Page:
MUSIC OF THE SPHERES is a permanent site-specific sound-art installation in the department of Physics of the University at Buffalo and has been constructed with funds provided by the Robert G. and Carol Morris Grant for Artistic Expression in Visual Arts.
The Pythagoreans maintained that the distances between the planets had exactly the same ratios as would produce harmonious sounds in a plucked string. To them, the solar system consisted of ten transparent celestial spheres revolving in circles about a central fire, each sphere giving off a sound the way a speeding projectile makes a sound as it passes through the air; the closer spheres gave lower tones, while the farther outer ones moved faster and gave higher pitched sounds. All combined into a beautiful harmony they called “the music of the spheres.”
This idea was adopted by Plato, who in the Republic stated that; “…Upon each of its circles stood a siren who was carried round with its movements, uttering the concords of a single scale,” and in the Timaeus, described the circles of heaven as subdivided according to harmonic musical ratios.
Johannes Kepler, 20 centuries later, wrote in the Harmonice Munde (1619) that he wished to explicate “the magnificent edifice of the harmonic system of the musical scale … as God, the Creator Himself, has expressed it in harmonizing the heavenly motions … I grant you that no sounds are given forth, but I affirm … that the movements of the planets are modulated according to harmonic proportions.”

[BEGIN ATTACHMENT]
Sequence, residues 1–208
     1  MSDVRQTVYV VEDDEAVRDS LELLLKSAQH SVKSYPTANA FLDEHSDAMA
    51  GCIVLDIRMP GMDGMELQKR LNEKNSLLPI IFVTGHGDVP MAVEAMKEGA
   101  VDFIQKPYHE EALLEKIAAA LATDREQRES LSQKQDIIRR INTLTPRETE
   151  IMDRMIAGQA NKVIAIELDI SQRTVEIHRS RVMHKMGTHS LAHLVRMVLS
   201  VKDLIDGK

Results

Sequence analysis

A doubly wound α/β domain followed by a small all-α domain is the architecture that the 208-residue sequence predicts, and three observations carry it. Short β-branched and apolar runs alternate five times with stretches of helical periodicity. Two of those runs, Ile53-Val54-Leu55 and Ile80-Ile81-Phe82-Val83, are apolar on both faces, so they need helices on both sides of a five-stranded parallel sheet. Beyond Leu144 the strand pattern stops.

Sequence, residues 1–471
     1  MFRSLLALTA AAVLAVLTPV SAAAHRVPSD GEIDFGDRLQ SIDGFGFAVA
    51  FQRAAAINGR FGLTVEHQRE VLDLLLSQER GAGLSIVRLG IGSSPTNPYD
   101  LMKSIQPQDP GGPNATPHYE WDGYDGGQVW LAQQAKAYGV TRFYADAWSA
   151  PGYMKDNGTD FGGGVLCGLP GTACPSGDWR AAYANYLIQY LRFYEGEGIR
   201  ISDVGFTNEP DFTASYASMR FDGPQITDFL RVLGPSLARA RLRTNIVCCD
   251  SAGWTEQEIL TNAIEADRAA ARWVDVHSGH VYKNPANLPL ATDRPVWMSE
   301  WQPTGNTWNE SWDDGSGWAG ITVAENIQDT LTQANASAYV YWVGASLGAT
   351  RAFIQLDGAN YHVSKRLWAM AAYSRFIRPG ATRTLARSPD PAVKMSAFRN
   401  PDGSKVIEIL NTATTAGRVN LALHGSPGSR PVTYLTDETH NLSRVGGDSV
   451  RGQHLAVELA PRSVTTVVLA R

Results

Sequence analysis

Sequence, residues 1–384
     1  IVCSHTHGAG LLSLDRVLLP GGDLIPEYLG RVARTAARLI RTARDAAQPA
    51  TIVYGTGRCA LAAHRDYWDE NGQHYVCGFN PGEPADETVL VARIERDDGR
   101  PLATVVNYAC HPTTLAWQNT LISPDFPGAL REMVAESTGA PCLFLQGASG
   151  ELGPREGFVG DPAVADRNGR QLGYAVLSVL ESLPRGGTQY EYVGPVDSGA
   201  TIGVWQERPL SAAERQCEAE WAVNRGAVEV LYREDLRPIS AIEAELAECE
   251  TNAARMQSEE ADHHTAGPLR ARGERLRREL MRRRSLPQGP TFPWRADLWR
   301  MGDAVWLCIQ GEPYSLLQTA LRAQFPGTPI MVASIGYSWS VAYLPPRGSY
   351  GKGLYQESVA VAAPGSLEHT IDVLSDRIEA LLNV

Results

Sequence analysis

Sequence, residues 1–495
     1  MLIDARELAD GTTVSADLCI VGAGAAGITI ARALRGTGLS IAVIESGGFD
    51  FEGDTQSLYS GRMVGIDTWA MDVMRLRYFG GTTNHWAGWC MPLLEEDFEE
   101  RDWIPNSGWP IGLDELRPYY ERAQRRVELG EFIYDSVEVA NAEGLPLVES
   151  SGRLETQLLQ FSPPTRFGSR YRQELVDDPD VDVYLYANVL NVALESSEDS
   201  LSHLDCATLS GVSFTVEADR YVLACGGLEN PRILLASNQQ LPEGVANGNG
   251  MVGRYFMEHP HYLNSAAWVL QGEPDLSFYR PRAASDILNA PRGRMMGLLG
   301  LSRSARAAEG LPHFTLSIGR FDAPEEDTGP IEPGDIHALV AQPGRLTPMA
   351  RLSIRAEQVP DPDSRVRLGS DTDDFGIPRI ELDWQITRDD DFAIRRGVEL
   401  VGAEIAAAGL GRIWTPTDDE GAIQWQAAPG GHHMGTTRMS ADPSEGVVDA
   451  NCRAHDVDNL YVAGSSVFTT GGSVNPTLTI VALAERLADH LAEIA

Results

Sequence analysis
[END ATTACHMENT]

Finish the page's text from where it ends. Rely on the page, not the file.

“The Music of the Spheres” is a sound-art installation that takes the Pythagorean / Platonic notion of celestial music at its literal word and by using contemporary technology, presents the viewer / listener with exactly that: music that emanates in real-time from extraterrestrial sources. The emphasis of this project is the processing of real-time astronomically generated radio signals by both analog and digital electronics and the presentation of the sonic result as ambient sound events in an installation format. Because the sources are extraterrestrial and subject to various atmospheric and space-weather phenomena, the sonic result will, by nature, be highly unpredictable and is dictated as much by the caprices of nature as by any control and processing parameters predetermined by the artist.
The sounds heard emanate from three sources: The Radio Jove receiver operating on a VHF frequency of 20.1MHz, the frequency of extraterrestrial radio signals generated by massive thunderstorms on Jupiter. It has no AGC and exhibits a wide dynamic range, exceeding 30 dB. The Radio Jove is a direct conversion receiver and has a bandwidth of 7.5 kHz designed for reception of radio noise bursts from the planet Jupiter. The CME receiver is tuned to the radio spectrum of powerful solar storms associated with Coronal Mass Ejections on a VLF frequency of 40 KHz, detecting and amplifying the radio signature of any solar CME’s reaching the D Layer of the Earth’s atmosphere. The iCom receiver is a computer-controlled high quality, research grade, radio system tuned to the middle of the allocated radio astronomy UHF frequency band of 406.7 MHz – the area deep space Radio Pulsars (neutron stars) and continuum radio astronomy. The range of sonic results that this installation presents includes varied hiss, pops, sweeps of timbre, transient bursts, explosive pulses, electronic noise, tone sequences, and other sound events germane to the reception of VLF, VHF & UHF radio astronomy signals.